Eriya Kategaya thought that relating with girls was sinful
Posted Sunday, February 5 2012 at 00:00
Eriya Kategaya, the First Deputy Prime Minister and minister for East African Community Affairs, sets himself on the pedestal as one of the most incorruptible Ugandans, a thing he believes came to pass because of his childhood foundation built on honesty and transparency.
My mother tells me I was born in 1945 in Karagwe, Itojo, now Ntungamo District where I spent most of my childhood. Back in the day, children were attached to relatives, so I attended a number of primary schools where my relatives had a connection.
I began with three years at Itojo Sub Grade School in 1952, where we used sand as “paper” and our fingers as pens. I remember staying in a class for two years because I was too small and could not be promoted. I then went to Kyamate Primary School where my uncle was a catechist, shifted to Rubare Primary School where another uncle was a teacher and finally finished my Primary Six from Kyamate.
I have vivid memories of these primary schools. One of them is my Primary Four teacher who introduced me to English language, but used to pronounce pawpaw as pawa pawa. Another is meeting Yoweri Museveni at Kyamate. We were naïve about politics and what I recall about my friend was that he loved quarreling with teachers. At one time, my uncle who was a teacher caned him for being insolent.
I grew up in a family built on strong pillars of religion; my parents were devoted balokole (born again.) We, therefore, grew up in an atmosphere where we knew people were created in God’s image regardless of tribe or status. We used to pray as a family every morning and before bed time and this instilled honesty in us.
As a child, I was very serious with and committed to my books. I always knew anything to do with girls was sin. I was social in my own way but very reserved. Later on, I rebelled against the kilokole business at home and sat my parents down, pointed out how the religion was detaching us from our culture like going for village parties and entertaining guests using the local brew. However, I remained religious despite my grandfather tactfully trying to initiate me into smoking. It was always me lighting his pipe, but I stood the temptations and never touched a cigarette. The first time I tasted booze was in Senior Five at Ntare School, just out of adventure.
I aspired to be a District Commissioner. Towards independence, the British picked up a few young people and took them on as D.Cs, they were very important people who commanded a lot of admiration.
But in Senior Six, I made up my mind and zeroed down on the legal profession. I felt this was the right professional path to take so as to fulfill my passion of defending people and championing their rights.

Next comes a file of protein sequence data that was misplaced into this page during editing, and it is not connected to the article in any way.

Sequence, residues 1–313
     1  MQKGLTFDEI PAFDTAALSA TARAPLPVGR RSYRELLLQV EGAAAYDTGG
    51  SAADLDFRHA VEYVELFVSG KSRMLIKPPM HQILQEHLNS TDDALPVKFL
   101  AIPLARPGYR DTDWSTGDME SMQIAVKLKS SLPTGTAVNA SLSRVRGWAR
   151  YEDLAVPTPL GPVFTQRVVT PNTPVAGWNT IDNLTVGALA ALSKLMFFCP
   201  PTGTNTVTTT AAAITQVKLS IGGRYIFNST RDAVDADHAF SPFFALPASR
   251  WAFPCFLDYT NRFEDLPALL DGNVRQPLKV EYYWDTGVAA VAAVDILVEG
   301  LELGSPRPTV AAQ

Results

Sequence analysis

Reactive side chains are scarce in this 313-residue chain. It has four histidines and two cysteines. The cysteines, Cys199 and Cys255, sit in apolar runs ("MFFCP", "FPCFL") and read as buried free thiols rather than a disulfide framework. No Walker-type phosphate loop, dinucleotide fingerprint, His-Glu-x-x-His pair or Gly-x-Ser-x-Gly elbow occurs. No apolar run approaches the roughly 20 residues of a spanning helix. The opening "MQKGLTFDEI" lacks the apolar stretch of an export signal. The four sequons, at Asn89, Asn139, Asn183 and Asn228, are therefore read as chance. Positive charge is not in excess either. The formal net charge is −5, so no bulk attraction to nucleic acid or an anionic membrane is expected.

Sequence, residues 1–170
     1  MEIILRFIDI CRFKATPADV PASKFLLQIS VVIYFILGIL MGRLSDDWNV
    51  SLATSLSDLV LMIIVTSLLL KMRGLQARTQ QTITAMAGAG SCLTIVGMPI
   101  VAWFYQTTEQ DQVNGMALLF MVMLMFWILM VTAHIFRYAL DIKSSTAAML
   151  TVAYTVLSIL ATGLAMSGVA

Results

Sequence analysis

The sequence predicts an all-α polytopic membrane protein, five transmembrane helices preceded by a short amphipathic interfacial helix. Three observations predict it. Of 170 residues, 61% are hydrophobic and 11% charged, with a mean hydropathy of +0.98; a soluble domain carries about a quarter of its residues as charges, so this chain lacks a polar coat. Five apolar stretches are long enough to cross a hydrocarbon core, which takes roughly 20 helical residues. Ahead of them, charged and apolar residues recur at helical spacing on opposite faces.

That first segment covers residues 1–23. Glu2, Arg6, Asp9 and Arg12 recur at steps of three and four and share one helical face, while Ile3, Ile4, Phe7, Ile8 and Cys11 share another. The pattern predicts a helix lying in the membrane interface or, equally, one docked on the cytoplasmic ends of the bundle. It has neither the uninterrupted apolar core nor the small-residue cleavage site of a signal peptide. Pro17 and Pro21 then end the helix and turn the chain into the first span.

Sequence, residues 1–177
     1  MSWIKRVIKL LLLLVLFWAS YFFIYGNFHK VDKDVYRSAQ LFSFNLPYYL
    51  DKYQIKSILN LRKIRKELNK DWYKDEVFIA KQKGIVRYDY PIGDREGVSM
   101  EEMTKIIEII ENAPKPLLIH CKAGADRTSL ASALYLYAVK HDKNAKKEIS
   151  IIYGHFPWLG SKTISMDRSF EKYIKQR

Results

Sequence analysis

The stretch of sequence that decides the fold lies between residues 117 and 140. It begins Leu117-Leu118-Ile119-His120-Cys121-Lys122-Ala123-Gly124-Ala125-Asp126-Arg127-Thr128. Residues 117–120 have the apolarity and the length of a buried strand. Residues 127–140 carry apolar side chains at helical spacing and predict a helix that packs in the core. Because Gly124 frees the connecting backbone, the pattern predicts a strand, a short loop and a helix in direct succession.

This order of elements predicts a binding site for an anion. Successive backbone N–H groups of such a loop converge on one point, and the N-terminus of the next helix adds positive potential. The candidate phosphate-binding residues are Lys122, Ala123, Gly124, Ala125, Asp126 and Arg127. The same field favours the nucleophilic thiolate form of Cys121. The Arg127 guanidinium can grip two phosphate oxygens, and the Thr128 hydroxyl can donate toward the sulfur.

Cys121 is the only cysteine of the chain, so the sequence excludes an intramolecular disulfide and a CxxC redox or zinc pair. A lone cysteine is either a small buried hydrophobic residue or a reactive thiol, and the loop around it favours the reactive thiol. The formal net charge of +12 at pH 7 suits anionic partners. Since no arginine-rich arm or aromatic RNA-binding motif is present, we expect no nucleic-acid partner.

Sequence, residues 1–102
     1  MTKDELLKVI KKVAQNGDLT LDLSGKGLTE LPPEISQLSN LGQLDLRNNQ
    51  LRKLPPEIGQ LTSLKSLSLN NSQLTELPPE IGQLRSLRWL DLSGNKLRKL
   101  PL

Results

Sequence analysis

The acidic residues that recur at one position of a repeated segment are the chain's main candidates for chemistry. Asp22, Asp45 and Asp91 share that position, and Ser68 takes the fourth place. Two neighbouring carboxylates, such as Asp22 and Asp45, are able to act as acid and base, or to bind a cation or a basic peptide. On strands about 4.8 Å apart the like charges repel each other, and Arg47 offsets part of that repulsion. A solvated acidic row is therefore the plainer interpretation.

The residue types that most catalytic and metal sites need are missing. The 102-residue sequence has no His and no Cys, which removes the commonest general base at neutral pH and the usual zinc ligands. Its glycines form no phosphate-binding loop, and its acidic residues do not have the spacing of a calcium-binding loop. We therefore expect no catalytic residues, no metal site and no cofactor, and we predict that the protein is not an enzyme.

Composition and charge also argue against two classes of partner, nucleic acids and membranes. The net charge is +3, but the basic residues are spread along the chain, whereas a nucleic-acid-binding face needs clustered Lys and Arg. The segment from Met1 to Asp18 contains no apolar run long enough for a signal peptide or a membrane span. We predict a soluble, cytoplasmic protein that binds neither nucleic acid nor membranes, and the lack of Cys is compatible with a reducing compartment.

As fate would have it, I joined University of Dar-es-salam for Law, but we always joke that it taught us more politics than law. My sweetest memories rotate around the six years I spent at Ntare School. I can confidently say, the Eriya Kategaya you see today was manufactured by Ntare School. It was there that I first put on brown Bata shoes while going for a singing competition at Makerere University as part of the school choir.
At my former school, Mbarara High where I went for junior secondary, one had to get permission from doctors to put on shoes. It was at Ntare that I first interacted with people from other religions. I used to think Catholics and Muslims were extremely different from us. We were also given the dose of democracy there, as the Headmaster allowed us elect our own leaders, save the head prefect and house captains.
I admired Grace Ibingira, who was an MP and John Kakonge, an outspoken UPC member. In 1965, when Obote arrested five ministers and abrogated the constitution, (we were in senior five) together with Museveni and three others, we visited the Prime Minister of Ankole kingdom, to ask what programme he had to oppose Obote, but he disappointed us by telling us to take it easy. So, from 1966 to date, I have worked closely with Museveni, though one time when I was deputy head prefect, he led a small, peaceful demonstration where students drunk prefects’ tea, arguing that all students must take tea. They later settled and we, the nobles of the school, continued taking our tea!
Away from Ntare, another memorable aspect of my childhood was my mother’s strict discipline, my father never used to care much. My idea of fun then wasgoing to the cinema and I was also deep in love with dancing; from ballroom to Congolese music.
We enjoyed bull dance (obugyenyi or banquet) at Ntare though occasionally we invited girls from Mary Hill High School and our favourite, Bweranyangi Girls. We even coined the term, Bwerantare to seal our relationship. Looking back now, I appreciate the impact my childhood had in nurturing me into the person I am today. I detest discrimination, based on whatever grounds.
I still cherish honesty and transparency, the reason I cannot use public funds for selfish gain. I might rank top among the most incorruptible Ugandans! My milestone was becoming the first graduate in my village, and a lawyer.
As told to Ivan Okuda